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Flint customers will pay full price for their water starting in March after officials announced Thursday the state will end water relief credits for the city recovering from a lead-tainted water supply.

The state cites the city’s improved water quality as the reason for ending the credits. A letter from a senior adviser to Gov. Rick Snyder informed Flint’s interim chief financial officer, David Sabuda, the credits, which applied to the water portion of Flint utility customers’ accounts, would end after Feb. 28.

The March billing statement will be the last to include the water usage credits, which were 20 percent for commercial customers and 65 percent for residential, officials said.

The state will also no longer provide $1.2 million in monthly funding for the water the city receives from the Great Lakes Water Authority.

“I am aware that the water quality in the city of Flint is improving and that is a good thing,” Mayor Karen Weaver said in a statement. “We knew the state’s assistance with these water-related expenses would come to an end at some point; I just wish we were given more notice so we at City Hall and the residents had more time to prepare for the changes.”

Snyder spokeswoman Anna Heaton said ending the credits in February had been part of many discussions after the results of the June-December monitoring period were released by the Michigan Department of Environmental Quality last month.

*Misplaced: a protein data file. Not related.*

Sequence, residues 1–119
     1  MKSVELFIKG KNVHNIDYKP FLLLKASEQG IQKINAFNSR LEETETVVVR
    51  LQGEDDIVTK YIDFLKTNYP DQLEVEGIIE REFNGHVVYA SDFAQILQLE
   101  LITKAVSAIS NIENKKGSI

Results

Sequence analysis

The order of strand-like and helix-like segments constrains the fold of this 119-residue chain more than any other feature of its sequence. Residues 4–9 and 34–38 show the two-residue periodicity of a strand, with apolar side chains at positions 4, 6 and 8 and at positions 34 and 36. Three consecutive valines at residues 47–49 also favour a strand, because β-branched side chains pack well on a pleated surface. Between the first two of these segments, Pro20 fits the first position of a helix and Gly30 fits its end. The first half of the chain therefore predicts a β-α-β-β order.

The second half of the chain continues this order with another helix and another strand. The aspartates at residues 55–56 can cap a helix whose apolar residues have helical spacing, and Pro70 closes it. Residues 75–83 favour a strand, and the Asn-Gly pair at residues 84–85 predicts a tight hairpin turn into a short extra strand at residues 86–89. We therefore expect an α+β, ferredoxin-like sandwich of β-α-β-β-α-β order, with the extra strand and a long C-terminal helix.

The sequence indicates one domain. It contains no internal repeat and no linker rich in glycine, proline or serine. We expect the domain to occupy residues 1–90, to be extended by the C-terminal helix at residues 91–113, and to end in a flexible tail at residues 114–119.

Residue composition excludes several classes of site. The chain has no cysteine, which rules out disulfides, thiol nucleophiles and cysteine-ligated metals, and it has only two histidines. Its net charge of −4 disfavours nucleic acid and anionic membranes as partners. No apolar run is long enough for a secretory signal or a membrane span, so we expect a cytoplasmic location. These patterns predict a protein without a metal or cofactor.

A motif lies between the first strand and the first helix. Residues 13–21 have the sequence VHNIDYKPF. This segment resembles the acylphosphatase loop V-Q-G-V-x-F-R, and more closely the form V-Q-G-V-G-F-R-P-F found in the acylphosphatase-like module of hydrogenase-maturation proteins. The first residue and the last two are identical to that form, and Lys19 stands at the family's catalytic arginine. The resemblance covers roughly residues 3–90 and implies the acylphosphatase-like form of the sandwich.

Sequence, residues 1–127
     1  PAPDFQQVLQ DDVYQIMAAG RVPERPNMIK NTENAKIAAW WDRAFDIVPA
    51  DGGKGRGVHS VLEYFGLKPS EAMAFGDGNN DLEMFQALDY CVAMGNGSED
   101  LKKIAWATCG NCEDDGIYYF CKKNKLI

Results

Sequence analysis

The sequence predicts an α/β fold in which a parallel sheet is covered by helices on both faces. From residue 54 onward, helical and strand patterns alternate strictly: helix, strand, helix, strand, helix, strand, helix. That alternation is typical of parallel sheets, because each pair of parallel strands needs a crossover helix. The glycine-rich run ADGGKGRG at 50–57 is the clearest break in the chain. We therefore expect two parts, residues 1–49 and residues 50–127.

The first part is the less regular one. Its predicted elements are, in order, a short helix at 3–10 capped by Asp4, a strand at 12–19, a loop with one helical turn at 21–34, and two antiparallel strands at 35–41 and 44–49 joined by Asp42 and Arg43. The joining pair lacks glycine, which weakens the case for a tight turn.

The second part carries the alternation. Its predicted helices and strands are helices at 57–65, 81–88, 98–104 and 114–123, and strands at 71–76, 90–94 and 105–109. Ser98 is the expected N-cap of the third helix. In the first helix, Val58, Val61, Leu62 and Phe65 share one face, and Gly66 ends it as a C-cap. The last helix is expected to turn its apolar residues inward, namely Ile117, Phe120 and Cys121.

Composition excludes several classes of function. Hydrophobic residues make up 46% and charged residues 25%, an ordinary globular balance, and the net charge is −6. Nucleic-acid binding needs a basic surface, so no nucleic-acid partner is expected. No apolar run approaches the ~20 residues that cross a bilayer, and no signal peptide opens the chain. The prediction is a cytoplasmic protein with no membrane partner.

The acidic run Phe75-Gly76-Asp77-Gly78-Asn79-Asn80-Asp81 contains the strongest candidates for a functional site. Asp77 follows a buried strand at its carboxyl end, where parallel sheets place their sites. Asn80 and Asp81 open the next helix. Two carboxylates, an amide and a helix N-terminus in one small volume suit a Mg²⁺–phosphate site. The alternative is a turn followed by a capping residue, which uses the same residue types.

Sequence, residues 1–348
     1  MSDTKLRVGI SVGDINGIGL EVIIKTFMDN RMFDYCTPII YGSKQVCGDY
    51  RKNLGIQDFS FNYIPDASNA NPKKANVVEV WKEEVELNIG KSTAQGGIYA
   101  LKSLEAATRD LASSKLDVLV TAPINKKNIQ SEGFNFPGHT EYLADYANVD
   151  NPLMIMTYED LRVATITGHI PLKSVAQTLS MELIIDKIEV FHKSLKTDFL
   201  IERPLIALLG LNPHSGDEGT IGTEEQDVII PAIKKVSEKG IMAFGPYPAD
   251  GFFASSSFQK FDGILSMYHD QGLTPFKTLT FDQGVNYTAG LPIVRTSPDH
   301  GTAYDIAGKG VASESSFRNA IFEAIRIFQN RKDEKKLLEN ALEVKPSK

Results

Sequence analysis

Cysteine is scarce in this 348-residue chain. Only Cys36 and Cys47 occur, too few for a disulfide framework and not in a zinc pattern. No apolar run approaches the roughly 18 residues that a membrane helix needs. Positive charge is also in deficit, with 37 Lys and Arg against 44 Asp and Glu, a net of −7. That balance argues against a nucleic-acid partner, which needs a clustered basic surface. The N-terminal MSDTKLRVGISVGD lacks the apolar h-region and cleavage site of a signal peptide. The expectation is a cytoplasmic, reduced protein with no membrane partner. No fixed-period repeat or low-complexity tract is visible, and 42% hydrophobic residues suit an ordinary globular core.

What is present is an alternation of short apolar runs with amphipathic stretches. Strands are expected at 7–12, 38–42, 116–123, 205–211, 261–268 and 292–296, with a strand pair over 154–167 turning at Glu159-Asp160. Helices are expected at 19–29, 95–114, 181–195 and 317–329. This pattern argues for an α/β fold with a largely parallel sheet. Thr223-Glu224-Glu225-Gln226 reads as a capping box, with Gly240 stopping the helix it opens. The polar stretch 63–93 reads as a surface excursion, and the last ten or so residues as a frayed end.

“The letter this week is just the formal notification in writing,” Heaton said in an email.

The water credits, which totaled $40.4 million, covered water usage retroactive to April 2014. It was that month that Flint switched from the Detroit water system to the Flint River as its municipal water source. It switched back in October 2015 only after the city’s water supply became tainted with lead from aging pipes. State officials failed to require the city to apply federally mandated corrosion control chemicals while on the river water.

Recently, state officials noted that during the last six-month cycle of water testing, lead results were below 15 parts per billion, the federal action level under the Lead and Copper Rule. The results support findings from testing of sentinel sites in November that showed Flint’s water had a 90th percentile value of 8 parts per billion.

U.S. Rep. Dan Kildee, D-Flint Township, called the end of the credits “disappointing since it was the actions by state government that created this crisis.”

“This crisis is not over,” Kildee said in a statement. “The city still today must buy usable water from other communities instead of treating its own water at the city plant. This is because of decisions by unelected emergency managers that got the city into this emergency in the first place. Flint families still need the state to step up and do more until the city can treat its own water.”

Flint residents can still receive water filters, replacement cartridges, bottled water and at-home water testing kits.

“I appreciate all the work everyone has done to help the citizens and the city of Flint move forward,” Weaver said. “We will continue working to fully recover from this water crisis and make sure residents have the resources, services and support they need.”

Customers needing assistance with their water and sewer bill still can call the Customer Service Center at (810) 766-7015, or visit Flint City Hall.

cwilliams@detroitnews.com

(313) 222-2311

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